Nomad Feet

Cinch the reins, calm him down,
Knot tight the bags that hold my things,
Throw the grass to test the breeze,
First gently trot to test his knees,
swift,
Borne of wind and of the wind, no regrets no memories,
No time to think, no backwards glance, no heed to rain or snow or sleet,
Frost of dawn on barren towns, diving hawk, tempest blast on fallen crowns,
Banner flies, shadow of the peregrines – as children of the wind we move to live.

The Litany

I fear not the raft of styx, messenger of wrath brought quick.
I fear not the battle’s pitch, flood, famine, or pestilence,
Pale osiris, eris, nyx, demon furies, and the succubus.

Give me not nepenthe nor opiates, all they do is enervate.
My will is epic.  Bitterness bestows me gruesome strength.

I fear neither death nor judgement, I fear never having lived:
A small room, a mighty chalice.  The judge who points and says,
I filled your cup to overfloweth.  And all you did was take a sip.

Prufrock’s Bad Friend

Let us go then, when the evening is spread against the sky like a circus tent blooming orange trees and maples, under this raging blaze to our first stop where we will feast on these victuals: tender steaks, warm crispy bread, heapings of cheese and salad, a pitcher of absinthe, maybe I’ve ordered too much?  No, our young hunger is monumental.

Stuffed, we’ll watch the smoke from our pipes curl sinuously indigo, singed by the orange lamps that will light one after another, glowing in adagio.  We will wait, counting the bell toll ten times, until the galactic city beneath us starts looking flammable.

Think no longer of the girls speaking pretentiously of Michelangelo, or was it Mario, or Luigi, forget them, because here in our own savage town I bet you’ve never seen the taverns or the speakeasies, set amidst the broken lanes and skewered crossalleys.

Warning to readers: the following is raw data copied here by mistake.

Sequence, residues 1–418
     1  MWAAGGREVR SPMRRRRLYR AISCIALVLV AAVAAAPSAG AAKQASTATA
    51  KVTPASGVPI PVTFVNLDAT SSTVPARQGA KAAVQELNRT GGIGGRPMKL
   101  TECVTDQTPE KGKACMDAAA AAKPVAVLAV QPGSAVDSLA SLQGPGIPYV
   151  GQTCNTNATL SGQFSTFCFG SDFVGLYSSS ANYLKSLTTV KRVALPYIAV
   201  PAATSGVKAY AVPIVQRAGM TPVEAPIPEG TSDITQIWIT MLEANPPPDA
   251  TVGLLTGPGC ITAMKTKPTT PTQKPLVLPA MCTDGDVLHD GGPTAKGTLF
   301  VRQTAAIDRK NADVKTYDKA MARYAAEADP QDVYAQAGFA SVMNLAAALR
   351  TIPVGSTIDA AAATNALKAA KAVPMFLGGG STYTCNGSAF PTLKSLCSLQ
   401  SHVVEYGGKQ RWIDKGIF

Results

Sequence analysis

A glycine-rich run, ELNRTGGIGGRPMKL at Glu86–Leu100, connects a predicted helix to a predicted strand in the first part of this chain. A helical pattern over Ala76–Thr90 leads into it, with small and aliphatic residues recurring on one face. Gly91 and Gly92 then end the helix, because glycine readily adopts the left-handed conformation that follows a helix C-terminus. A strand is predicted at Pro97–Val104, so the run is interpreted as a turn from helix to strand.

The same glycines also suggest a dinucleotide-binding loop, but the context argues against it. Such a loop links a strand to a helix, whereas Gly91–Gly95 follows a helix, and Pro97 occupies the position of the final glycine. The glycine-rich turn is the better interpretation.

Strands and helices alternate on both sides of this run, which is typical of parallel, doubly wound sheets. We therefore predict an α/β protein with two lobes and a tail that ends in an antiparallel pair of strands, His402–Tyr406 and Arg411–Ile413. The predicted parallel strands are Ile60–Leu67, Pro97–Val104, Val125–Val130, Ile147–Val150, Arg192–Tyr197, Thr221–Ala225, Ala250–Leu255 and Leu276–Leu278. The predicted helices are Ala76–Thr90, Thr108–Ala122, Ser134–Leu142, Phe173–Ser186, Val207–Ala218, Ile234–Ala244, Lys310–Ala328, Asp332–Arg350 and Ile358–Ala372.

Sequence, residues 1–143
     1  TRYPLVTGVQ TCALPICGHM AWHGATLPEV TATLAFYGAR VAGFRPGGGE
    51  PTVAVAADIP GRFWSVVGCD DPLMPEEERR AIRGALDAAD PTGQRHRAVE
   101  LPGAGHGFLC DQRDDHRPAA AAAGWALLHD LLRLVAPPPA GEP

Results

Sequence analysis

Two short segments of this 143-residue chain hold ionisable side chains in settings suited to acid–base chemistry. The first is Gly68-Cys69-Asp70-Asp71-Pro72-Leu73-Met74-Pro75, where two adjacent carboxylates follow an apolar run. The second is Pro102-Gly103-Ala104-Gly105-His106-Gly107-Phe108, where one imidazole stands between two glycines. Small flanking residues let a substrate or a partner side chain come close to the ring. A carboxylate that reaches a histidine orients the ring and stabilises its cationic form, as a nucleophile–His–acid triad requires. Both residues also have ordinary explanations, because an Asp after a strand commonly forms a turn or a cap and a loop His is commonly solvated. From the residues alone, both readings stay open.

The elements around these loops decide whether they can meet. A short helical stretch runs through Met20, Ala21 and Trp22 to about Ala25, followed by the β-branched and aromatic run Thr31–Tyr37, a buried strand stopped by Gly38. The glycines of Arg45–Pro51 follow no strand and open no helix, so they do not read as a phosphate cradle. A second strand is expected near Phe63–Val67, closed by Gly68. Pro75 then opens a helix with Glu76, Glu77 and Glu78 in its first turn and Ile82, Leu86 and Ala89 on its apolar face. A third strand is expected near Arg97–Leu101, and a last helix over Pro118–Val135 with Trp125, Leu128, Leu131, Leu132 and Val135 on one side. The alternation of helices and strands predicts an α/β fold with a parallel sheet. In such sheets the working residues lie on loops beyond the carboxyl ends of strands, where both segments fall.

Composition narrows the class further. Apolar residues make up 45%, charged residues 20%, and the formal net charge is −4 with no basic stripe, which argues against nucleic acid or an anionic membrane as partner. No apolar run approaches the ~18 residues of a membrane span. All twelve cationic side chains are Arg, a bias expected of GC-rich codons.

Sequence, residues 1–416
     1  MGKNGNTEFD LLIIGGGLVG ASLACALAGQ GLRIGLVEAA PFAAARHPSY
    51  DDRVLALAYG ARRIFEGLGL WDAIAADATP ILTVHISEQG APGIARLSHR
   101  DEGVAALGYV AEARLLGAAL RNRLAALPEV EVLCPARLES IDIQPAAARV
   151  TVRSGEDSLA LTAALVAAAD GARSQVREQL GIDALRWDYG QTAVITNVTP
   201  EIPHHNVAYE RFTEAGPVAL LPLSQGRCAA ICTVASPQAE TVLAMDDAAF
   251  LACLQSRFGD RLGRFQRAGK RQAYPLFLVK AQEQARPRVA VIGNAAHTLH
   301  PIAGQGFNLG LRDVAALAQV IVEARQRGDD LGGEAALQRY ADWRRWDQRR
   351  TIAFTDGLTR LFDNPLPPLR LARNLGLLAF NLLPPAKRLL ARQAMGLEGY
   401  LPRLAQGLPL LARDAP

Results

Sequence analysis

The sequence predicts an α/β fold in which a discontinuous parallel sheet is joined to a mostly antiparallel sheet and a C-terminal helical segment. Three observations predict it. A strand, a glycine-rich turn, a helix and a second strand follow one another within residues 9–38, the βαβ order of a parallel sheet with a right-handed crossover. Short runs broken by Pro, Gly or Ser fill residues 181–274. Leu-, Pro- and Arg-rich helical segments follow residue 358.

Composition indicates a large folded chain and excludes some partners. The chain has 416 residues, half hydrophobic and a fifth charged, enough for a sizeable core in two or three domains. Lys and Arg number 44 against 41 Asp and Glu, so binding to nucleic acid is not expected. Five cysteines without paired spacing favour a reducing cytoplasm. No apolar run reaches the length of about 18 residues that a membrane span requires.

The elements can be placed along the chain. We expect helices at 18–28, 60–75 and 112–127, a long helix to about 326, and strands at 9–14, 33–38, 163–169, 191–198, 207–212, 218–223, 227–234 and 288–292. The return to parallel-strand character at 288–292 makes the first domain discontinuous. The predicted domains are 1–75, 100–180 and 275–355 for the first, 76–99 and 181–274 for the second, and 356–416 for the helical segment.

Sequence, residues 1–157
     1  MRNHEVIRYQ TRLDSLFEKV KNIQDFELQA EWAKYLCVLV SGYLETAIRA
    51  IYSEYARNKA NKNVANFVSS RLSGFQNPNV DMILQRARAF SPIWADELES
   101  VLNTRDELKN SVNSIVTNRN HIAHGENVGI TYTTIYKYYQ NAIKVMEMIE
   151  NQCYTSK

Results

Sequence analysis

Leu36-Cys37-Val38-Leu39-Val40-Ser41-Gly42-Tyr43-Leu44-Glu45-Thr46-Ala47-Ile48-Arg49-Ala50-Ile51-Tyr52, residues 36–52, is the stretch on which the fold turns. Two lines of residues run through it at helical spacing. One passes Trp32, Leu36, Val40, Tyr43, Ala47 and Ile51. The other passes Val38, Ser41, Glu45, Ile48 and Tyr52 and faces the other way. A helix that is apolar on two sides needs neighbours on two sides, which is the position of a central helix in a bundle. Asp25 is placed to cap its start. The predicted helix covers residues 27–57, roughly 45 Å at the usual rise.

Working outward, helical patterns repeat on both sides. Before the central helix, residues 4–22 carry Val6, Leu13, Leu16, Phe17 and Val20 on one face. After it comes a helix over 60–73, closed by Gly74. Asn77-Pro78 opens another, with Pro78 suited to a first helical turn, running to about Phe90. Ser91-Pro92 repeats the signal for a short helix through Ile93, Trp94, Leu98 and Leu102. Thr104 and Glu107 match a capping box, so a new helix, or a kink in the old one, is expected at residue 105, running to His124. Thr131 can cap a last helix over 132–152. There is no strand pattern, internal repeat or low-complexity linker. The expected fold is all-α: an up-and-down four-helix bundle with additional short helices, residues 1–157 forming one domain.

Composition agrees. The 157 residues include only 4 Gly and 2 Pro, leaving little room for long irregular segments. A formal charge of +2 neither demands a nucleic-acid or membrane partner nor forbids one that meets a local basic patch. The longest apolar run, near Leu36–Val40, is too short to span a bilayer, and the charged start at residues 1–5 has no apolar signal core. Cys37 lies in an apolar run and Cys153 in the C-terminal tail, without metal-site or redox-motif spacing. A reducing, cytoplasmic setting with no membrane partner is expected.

Let us go then, because there we will meet your mermaids, lots of them, and you will no longer worry if they come and go or deign to speak to you, for it will be dark and hot and rank with youth, and they will show you matters in which there is no use for so much anxious thinking, much less underwater speaking.

Germination

We need not caverns to grow.

We love the dark loam surrounding us with nowhere else to go,

No more than a whisper or a moment’s glance, no more space than a shifting of an elbow,

Inspires us to crack our seeds and grow.

My Guide My Soul My Shepherd

The moon is my guide my soul my shepherd.

The air was thin and cold, my heart was big and bold, when I packed my bags to leave my home.

I followed the spring, a brush and tumble with love, and wet with the taste, thought it was all and it was all enough.

Staking it all, I lost it all, and I took what I could to hit the road, dreaming about the warm lights and hearths of home.  There the lights would glow, just like the moon I know, my guide my soul my shepherd.

Under the torrid sun, and endless din of work, I lost my youth but gained a place, for I shared bread with princes, merchants, and rogues.

My bags grew heavy as I grew old, my legs grew weak and slow.  I paused a while, and it was quiet dark, and cold.

I emptied my bags by the light of the moon, my guide my soul my shepherd.

To whom do I owe these memories of laughter, love, and life?  To whom do I owe the ones of shame, regret, and bile?

Do I need these things, these things that compose the measure of my being?  These stories of evil and schemery, these stories of strength and hope?

I took them out and chose, and chose to leave some there, under the light of the moon, next to my glowing home, by the side of a snowy road.

I chose to explore, under the light of the moon, my guide my soul my shepherd.

The Adventurer

When he left the city, he thought it would be loyal.

So he set off across the plains, over the mountains, and tumbled through the treacherous seas.

He thought the city would wait for him – that the people would keep celebrating his memory, that the dusty streets and buildings would stay as they were, pointed in the same direction, casting a familiar shadow.

He thought the old hill that led to the places of his great fears and torment, and place from which his story began, would stay the same.

And he treasured the city in his mind, for its loyalty and faith.  In his mind, the city never changed, it was always the same, with the same cast of characters, the same friends, and shopkeeps, and little children playing in the streets.

In his memory, it was home.

When he returned across the plains, the mountains, and the treacherous seas, he found that the city had completely changed.  He found no familiar faces, and new contraptions filled the streets.